OPINION

Join the Redwines this weekend at The Constantine

Jim Redwine

Charles Constantine was a Greek immigrant who relocated to Pawhuska in 1905. Charles bought the Pawhuska House Hotel that had been opened in the 1880s and he converted the business to the Constantine Theater in 1914.

After Constantine sold the theater in 1926, it was renamed the Kihekah Theater. It operated as a movie house from 1926 until it closed in 1981.

It has been beautifully restored by the community and once again serves the public as The Constantine Theater. Numerous volunteers have donated money and countless hours of their time to preserving this iconic community asset.

The Constantine will be open to the public free of charge for several hours during the Cavalcade Rodeo weekend dates of July 16-17. The Redwine family will be having a combined family reunion, jam session, art exhibit and new book launching event during parts of each day, and The Constantine will also open its concession stand.

Constantine was furthering the Greek theater tradition that began with the western world’s first theater about 500 B.C. It was located in Athens, Greece, on the side of the high hill upon which the Acropolis was built, and it was named in honor of the Greek god of wine, Dionysus. Playwrights such as Aeschylus, Sophocles, Euripides and Aristophanes began the ancient tradition of entertainment and enlightenment that continues in our day.

Along the way, giants of literature such as William Shakespeare in England drew upon the wisdom of those marvelous Greeks. Shakespeare’s theater, The Globe, in London is where "Hamlet", Act II, scene 2, said, “The play’s the thing wherein I’ll catch the conscience of the King.” The character Hamlet used a play within a play to expose his uncle’s murder of Hamlet’s father. Human nature has often been examined through art, but sometimes art is just for fun; not every play is a tragedy. The weekend of July 16-17 is to be one of the lighter variety.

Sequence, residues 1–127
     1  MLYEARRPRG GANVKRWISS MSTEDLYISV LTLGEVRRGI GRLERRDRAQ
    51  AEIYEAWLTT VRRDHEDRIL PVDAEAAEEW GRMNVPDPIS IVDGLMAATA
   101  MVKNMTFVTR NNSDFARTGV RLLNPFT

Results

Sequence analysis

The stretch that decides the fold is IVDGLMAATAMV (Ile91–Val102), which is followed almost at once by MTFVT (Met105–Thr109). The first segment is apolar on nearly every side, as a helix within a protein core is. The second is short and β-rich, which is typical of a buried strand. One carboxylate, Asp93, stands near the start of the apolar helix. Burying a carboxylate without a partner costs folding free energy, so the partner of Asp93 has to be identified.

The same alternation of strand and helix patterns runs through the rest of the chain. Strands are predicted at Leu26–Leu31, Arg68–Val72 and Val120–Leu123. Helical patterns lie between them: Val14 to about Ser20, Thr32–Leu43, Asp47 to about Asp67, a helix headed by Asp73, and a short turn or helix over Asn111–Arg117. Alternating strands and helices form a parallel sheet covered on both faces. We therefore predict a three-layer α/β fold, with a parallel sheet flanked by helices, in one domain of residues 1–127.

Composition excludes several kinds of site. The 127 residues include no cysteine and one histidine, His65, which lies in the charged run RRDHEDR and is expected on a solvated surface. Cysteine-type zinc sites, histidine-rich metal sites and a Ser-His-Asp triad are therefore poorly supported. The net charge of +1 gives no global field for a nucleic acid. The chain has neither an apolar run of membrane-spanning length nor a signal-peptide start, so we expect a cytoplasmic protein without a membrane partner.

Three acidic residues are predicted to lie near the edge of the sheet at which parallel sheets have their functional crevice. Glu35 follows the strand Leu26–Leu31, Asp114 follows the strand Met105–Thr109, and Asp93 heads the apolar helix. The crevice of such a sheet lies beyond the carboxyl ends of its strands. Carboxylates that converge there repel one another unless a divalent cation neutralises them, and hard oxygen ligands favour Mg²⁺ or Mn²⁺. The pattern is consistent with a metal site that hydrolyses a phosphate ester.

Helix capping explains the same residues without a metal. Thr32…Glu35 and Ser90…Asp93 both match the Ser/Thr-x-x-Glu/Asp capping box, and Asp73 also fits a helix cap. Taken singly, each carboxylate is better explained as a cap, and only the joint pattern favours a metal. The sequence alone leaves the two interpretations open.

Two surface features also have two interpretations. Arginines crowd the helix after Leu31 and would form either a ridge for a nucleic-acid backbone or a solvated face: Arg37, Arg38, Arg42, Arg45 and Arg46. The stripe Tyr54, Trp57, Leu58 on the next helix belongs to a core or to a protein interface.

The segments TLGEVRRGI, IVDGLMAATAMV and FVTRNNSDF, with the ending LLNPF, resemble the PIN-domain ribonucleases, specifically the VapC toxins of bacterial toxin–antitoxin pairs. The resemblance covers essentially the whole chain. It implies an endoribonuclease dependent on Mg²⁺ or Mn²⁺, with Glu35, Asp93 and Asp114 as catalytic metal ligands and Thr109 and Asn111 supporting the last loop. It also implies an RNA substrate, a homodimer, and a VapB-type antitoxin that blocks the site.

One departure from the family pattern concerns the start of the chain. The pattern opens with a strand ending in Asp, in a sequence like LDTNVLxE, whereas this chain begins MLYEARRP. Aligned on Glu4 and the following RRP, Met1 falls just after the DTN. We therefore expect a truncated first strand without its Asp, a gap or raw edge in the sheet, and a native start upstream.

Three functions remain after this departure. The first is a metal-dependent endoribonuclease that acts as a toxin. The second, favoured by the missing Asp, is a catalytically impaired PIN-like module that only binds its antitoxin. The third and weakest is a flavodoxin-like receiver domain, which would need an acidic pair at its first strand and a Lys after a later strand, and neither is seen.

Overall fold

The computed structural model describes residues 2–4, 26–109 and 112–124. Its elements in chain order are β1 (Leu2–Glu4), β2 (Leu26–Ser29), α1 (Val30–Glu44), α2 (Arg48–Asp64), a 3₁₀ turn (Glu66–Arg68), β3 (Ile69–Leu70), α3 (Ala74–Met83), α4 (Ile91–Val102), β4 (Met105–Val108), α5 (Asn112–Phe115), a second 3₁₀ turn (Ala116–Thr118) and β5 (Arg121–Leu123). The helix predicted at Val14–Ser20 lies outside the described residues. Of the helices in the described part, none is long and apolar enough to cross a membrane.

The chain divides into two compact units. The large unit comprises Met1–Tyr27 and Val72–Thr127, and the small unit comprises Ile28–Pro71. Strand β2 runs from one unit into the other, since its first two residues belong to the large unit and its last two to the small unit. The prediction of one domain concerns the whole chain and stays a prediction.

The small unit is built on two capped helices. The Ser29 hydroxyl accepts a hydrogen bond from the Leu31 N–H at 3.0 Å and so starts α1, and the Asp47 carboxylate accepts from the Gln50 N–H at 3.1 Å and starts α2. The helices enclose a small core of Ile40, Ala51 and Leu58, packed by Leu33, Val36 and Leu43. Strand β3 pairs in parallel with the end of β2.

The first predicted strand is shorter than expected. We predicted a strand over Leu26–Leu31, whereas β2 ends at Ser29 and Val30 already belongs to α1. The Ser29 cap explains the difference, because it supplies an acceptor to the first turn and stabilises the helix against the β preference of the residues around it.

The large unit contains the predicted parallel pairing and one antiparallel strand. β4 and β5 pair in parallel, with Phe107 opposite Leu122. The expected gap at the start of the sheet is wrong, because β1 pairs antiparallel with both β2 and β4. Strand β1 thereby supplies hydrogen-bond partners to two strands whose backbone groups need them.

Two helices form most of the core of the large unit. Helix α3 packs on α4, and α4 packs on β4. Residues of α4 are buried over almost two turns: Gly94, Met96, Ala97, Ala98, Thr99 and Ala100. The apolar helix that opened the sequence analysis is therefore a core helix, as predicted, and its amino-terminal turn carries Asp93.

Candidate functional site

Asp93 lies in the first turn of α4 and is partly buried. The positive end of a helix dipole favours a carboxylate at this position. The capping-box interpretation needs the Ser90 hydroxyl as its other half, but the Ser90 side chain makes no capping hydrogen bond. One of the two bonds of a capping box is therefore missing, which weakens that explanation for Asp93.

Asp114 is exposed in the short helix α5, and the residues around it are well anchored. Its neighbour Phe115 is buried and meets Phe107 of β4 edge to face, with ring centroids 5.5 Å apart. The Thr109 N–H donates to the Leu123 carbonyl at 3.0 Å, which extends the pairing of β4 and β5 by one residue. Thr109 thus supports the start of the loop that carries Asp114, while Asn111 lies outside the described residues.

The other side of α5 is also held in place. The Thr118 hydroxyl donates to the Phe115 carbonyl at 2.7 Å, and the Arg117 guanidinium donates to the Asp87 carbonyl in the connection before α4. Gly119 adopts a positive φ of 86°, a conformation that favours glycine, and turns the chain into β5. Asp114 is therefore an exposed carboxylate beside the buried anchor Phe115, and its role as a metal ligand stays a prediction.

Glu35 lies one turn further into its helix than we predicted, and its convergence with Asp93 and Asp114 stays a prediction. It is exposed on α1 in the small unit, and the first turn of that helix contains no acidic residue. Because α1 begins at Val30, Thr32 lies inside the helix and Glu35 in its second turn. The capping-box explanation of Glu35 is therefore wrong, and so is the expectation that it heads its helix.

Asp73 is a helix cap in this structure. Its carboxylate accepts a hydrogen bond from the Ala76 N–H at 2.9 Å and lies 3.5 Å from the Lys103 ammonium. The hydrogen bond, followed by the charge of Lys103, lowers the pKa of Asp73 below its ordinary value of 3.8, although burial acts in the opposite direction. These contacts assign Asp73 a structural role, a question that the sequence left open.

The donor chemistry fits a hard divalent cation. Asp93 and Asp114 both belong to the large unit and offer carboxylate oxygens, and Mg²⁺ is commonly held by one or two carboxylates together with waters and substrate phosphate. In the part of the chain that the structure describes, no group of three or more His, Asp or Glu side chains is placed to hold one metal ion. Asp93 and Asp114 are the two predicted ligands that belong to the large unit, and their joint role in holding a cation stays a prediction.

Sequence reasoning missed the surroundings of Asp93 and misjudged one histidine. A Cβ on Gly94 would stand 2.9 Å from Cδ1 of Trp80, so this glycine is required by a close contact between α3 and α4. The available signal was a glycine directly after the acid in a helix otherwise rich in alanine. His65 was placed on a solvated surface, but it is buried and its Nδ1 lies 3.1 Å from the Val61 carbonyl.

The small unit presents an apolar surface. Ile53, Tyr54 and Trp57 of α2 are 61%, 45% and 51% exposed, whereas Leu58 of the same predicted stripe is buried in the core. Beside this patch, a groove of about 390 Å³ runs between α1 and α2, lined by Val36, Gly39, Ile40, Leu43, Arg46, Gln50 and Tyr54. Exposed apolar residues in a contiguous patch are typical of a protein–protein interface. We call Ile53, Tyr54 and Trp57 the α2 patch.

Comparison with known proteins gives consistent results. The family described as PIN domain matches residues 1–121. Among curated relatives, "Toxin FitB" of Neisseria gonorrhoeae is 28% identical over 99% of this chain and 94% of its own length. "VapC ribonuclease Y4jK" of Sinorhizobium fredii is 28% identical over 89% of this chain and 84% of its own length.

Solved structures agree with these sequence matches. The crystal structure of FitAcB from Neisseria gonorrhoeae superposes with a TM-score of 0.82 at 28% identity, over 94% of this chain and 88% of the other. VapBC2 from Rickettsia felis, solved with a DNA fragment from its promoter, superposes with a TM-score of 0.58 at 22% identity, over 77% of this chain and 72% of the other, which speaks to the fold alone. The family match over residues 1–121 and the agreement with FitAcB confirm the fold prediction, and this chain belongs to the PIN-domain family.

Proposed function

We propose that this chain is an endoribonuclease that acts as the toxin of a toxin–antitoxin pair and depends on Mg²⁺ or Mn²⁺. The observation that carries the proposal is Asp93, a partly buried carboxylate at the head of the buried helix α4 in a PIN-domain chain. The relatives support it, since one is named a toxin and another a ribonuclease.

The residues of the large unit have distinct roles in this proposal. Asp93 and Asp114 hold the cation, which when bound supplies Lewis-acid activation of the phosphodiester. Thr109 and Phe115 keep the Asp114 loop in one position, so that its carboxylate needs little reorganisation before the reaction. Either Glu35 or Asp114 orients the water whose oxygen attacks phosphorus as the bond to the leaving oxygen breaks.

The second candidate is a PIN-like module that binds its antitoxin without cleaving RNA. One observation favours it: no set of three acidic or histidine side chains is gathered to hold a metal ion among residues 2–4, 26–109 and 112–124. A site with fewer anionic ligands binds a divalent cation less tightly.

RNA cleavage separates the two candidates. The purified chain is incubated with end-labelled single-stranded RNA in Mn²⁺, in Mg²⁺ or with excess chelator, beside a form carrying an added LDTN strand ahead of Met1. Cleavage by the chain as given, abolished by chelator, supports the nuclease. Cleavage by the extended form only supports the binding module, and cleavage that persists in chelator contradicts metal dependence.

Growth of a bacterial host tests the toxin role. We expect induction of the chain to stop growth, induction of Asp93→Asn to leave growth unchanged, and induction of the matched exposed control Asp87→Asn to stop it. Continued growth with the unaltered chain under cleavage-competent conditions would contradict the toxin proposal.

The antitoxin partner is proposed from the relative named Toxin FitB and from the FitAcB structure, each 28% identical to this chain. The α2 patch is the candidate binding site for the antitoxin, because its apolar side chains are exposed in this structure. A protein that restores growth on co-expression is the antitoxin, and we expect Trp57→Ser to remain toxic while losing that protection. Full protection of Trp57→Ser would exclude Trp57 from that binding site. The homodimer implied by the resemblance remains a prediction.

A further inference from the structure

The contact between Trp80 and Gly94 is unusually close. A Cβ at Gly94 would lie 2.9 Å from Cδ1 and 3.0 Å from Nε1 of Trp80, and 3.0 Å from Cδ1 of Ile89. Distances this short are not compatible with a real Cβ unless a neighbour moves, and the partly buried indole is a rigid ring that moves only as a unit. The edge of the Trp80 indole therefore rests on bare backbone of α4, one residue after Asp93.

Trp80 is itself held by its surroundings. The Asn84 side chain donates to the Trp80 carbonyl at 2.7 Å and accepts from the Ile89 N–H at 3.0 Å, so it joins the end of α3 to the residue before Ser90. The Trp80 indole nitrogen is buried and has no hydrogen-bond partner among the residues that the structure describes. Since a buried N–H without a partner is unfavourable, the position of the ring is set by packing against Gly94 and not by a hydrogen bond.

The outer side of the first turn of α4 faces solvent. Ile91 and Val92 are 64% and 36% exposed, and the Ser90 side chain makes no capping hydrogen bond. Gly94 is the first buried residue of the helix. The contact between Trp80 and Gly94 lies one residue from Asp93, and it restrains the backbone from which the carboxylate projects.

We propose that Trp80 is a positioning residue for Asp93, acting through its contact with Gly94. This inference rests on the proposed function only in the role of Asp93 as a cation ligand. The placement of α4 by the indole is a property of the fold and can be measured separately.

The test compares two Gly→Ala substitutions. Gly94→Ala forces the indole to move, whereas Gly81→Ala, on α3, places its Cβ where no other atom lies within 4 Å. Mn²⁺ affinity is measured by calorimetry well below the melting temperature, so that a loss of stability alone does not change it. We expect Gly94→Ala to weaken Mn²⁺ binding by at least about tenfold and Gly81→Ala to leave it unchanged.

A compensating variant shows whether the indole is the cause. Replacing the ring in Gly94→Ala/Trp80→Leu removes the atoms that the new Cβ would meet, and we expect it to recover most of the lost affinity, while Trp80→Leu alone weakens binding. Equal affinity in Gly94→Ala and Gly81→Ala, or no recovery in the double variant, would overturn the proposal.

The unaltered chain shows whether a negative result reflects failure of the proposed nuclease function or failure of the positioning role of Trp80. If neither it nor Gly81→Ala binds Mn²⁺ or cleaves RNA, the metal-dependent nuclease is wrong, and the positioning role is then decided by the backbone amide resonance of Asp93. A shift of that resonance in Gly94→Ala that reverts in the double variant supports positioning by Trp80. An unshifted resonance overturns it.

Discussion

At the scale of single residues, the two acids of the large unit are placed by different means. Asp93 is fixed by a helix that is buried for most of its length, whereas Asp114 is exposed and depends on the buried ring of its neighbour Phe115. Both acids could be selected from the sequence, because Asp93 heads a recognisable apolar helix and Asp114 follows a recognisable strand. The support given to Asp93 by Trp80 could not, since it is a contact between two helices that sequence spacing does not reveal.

The Constantine Theater has been the scene of countless performances over the years, and Peg and I were honored to have been invited to exhibit our homemade movie and preview our historical novel "Judge Lynch!" at the first Ben Johnson Jr. Film Festival that was held at The Constantine Theater on June 11, 2011. Our new novel "Unanimous for Murder" is a sequel to "Judge Lynch!".

We are looking forward to once again enjoying the historic atmosphere of The Constantine and maybe re-showing our 19-minute movie. We do not need any extras.

Pawhuska’s favorite son, Ben (Son) Johnson, won an Academy Award for his portrayal of the owner of the sole movie theater in a small Texas village. The movie, "The Last Picture Show," was a metaphor for lost innocence and a declining town. When the theater in that small community closed, the town died, as did the hopes of its residents. But thanks to the efforts of numerous volunteers, Pawhuska’s theater remains vibrant and forward-looking. As someone who grew up attending the Kihekah Theater countless times, it feels good to have it still be an integral part of our lives.

Maybe we will see you at The Constantine Theater July 16 or 17 between noon and 6 p.m.; an informal musical performance will take place between 2 and 4 p.m. on July 17. Admittance is free to all events.